How to Read Dangerously - Part I

I was with a friend who was notably hangry yesterday and she suggested getting something to eat. We were out running errands and I had already eaten my emergency packet of honey peanut butter so I wasn’t terribly hungry at this point. Still, the suggestion of In-N-Out Burger was enough to get me in the car. After 30 mins of trying to maintain an engaged conversation while simultaneously listening for our number being shouted across the room. We obtain the object of our salivation.

I received the holy In-N-Out double double.

The ceremonial carb cutting requires taking the top bun off the burger and leaving the bottom bun glued to the cheese. Because somehow doing this tricks my brain into thinking that I’m healthier than the other people in the room sitting here with me on plastic furniture.

I eat the burger, and the moment food hits tongue the unconscious parts of my body take over. As humans we possess some degree of control over our skeletal muscles, we control what we choose to eat, but the digestive system is out of our hands. Muscles in the stomach contract to move the burger through the digestive tract, then the body breaks it down into the parts that are useful and the parts that are waste.

This is the mentality you should have when you read.

People say you are what you eat. But who has ever told you, you are what you read?

Like food, we all have different reading preferences, there are books that taste good and books that are good for us. Food, energy, and nutrients are basic biological needs. But humans can’t live on bread alone. People need an identity, skills, and virtue. Books are a source of developing those values.

The ideas you consume through television, social media, lectures, and audiobooks provide the fundamental nutrients of your mind and the ideas that build your character. TV is designed to be passive, social media is reactive, and reading is proactive. Reading prepares you for life. TV is a sure way to waste your life, and social media is a tool to distract yourself from it.

Reading rewires the parts of the brain that are responsable for language, while TV thins your frontal lobe and reduces your capacity for it. That being said, the relative benefit of books over television doesn’t mean that all books are created equally. As there is an obvious difference between listening to a Joe Rogan Podcast and watching the Jersey Shore.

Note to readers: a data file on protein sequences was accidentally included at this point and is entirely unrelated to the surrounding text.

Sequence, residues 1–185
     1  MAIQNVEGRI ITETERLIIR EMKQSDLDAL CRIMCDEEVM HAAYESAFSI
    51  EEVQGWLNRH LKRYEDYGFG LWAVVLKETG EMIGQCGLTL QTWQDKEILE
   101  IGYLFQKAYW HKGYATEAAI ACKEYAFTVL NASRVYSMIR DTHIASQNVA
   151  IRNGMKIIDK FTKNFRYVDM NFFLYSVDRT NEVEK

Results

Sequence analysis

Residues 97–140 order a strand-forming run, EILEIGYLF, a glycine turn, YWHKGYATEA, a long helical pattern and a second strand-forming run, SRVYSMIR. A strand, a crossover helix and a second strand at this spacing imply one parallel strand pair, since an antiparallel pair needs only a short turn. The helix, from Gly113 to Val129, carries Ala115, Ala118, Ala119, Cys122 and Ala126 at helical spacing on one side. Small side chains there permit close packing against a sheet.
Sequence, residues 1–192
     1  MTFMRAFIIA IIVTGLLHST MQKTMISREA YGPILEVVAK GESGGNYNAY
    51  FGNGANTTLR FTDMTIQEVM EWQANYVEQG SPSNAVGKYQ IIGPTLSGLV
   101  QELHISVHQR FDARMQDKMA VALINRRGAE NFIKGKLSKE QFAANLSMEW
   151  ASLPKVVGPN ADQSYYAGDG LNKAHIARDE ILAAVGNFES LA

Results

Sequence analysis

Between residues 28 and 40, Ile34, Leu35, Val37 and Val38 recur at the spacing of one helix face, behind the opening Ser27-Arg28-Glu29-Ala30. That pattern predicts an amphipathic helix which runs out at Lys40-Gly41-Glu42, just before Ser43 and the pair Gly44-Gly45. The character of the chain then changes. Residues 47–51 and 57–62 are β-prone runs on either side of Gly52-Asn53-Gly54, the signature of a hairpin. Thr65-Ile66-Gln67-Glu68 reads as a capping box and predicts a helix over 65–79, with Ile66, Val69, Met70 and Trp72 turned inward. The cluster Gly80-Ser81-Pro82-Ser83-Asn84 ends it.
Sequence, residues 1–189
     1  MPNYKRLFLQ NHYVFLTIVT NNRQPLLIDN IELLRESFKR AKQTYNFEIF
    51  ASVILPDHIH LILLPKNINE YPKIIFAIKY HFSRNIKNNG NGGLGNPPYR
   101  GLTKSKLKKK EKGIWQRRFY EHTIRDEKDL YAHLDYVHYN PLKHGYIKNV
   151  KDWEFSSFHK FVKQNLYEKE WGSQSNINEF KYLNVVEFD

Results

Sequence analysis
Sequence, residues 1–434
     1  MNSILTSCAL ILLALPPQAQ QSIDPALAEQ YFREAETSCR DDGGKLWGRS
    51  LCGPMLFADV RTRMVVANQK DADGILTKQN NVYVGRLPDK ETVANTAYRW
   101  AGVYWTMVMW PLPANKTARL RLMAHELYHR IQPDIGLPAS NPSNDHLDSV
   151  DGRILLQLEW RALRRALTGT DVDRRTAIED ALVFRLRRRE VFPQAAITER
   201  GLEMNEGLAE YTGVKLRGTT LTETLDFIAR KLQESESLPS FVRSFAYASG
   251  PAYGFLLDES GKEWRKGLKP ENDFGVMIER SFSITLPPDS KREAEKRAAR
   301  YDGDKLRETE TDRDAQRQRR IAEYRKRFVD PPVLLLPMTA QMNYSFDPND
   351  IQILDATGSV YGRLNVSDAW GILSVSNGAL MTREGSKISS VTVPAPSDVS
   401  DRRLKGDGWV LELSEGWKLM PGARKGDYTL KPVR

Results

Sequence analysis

I wasn’t hungry when I indulged in that momentary weakness of the In-N-Out burger, but I’m hungry now. We’re all hungry for something more than junk food values.

We live in a junk food nation. We’ve built a culture of distraction, on top of a fragmented history. If you are going to choose a healthy life, that of financial independence, of a self-created identity, and the capacity for creativity you have to prepare for it.

It is the most valuable skill in the world to know how to read dangerously, a power that should not be taken lightly. It is too easy to read one book by Ayn Rand or Karl Marx and think you understand the entire world. Reading dangerously is not for a weak mind; it’s for the courageous mind in training. Don’t eat when you’re not hungry. Don’t read books because they’re popular or because they were pushed in front of you. Read books that are dangerous.

An idea that is not dangerous is unworthy of being called an idea at all.

Oscar Wilde

The Dangerous Reading Challenge:

  1. Read the books of people you admire, learn their arguments, then critique them.
    • Knock your heroes off their pedestal and compete with them as an equal.
  2. Read the people you hate and find the weakness in their ideology.
  3. Read the most dangerous books you can find, confront evil, and elevate to the status of the hero.

Politically Incorrect Disclaimer: If you think reading a book is an endorsement you are not ready for the Dangerous Reading challenge. “You are what you read,” does not mean reading Karl Marx transforms you into a memeber of the proletariat class, any more than eating a steak turns you into a cow.

These are the books I’ve invested in. Make your own list, and share it.


  • Demons, by Fyodor Dostoevsky



Jordan Peterson is responsible for my Carl Jung phase.



The French Revloution: Because I’m interested in better understanding how Nietzsche’s “death of God” and the notion of human rights came out of this time period.



Western Civilization

Selections from The Most Destructive Books

Knowing your own darkness is the best method for dealing with the darknesses of other people.

Carl Jung

Because it’s coming, So You’ve Been Publicly Shamed by Jon Ronson.